The Jumah at the DNC event went off Friday without a hitch, but the Democratic leadership and liberal media are still trying to squirm out of acknowledging that the DNC ever sanctioned the program, which featured a number of Islamist extremists.
Although there is a lot of spin surrounding the event, the fact remains that the leaders of the Bureau of Indigenous Muslim Affairs claim the DNC reached out to them and invited their group to host the two-hour opening event Friday, as well as the officially sanctioned Islamic Regal Dinner that night.
The event appeared on the official Charlotte in 2012 website until it was removed after the radical nature of BIMA got out. The event was attended by hundreds, rather than the 20,000 predicted.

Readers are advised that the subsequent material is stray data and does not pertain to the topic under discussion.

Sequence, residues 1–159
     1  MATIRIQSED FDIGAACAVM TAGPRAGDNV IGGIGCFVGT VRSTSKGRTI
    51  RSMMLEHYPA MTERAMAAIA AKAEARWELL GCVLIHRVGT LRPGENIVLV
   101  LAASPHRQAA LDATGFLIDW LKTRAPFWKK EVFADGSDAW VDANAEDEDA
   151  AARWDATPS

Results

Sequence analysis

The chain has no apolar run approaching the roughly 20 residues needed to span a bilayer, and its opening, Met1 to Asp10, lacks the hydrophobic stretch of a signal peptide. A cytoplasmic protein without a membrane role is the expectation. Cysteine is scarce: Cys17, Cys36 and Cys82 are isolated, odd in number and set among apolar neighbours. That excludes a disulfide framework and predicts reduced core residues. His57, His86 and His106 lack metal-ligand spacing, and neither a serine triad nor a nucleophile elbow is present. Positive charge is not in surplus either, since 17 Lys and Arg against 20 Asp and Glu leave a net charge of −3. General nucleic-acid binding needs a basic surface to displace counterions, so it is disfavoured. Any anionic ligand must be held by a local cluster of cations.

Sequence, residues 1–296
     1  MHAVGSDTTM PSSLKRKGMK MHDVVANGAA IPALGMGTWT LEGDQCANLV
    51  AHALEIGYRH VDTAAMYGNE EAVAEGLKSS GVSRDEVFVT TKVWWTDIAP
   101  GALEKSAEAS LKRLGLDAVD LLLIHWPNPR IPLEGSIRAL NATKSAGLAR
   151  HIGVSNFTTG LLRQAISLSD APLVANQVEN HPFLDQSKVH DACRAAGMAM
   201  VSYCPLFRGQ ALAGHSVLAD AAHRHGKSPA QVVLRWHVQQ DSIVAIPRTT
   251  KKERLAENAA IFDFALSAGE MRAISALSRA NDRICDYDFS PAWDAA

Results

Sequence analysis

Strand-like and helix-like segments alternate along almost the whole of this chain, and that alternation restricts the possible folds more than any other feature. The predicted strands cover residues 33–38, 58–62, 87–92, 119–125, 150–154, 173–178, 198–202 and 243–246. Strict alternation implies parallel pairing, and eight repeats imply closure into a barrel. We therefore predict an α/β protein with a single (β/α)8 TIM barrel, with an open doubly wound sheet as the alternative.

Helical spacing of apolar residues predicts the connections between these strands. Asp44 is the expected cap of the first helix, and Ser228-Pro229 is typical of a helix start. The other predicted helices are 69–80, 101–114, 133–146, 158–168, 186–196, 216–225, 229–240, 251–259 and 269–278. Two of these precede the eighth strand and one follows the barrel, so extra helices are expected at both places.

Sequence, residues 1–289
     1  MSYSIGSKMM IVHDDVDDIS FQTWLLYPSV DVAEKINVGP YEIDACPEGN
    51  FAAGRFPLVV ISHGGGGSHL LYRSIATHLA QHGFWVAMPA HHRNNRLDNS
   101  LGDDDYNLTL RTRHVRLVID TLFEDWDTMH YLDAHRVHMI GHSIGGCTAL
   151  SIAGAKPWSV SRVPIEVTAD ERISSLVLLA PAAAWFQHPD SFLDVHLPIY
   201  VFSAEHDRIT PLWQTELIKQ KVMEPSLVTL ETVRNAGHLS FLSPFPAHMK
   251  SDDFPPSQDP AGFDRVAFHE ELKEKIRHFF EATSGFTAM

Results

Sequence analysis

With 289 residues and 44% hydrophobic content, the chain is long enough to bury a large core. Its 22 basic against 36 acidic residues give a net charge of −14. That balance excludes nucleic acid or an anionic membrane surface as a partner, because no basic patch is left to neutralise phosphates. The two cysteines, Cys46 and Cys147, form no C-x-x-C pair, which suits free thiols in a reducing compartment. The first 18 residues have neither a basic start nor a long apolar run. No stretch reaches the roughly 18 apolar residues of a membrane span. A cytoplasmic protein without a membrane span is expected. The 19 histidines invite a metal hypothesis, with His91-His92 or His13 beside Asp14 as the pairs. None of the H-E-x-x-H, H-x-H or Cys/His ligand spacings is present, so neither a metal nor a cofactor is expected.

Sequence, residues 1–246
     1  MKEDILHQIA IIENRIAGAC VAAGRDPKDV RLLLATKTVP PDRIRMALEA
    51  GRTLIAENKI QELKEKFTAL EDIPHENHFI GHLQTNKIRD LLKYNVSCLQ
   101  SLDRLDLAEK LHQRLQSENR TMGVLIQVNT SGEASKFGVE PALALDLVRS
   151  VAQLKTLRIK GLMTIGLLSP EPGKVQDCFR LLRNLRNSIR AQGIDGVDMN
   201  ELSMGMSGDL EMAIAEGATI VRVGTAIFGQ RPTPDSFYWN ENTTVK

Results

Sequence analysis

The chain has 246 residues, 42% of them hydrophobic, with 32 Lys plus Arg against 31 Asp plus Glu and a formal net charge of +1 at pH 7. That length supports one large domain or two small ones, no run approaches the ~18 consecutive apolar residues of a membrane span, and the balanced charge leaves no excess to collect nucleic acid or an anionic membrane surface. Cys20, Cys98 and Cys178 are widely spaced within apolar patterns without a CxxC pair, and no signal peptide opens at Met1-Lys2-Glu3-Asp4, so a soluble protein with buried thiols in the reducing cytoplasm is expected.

Among the speakers at the event were a retired Muslim Army chaplain who was charged with sedition but not prosecuted, and an unindicted co-conspirator in the 1993 World Trade Center bombing.
But the issue that really rankles many people is BIMA’s support of theories about the Muslim influence on American history, including the notion that a Muslim crew of explorers sailed up the Mississippi River in the 12th century and established a colony that entitles Muslims to call themselves indigenous Americans.
Real Native Americans are not pleased.
During his remarks at the Jumah event, BIMA spokesman Jibril Hough said not only did Muslims visit America first, but it was a Muslim who led Columbus on his famous voyage of discovery.
The claim is based on a Chinese artifact known as the “Sung Document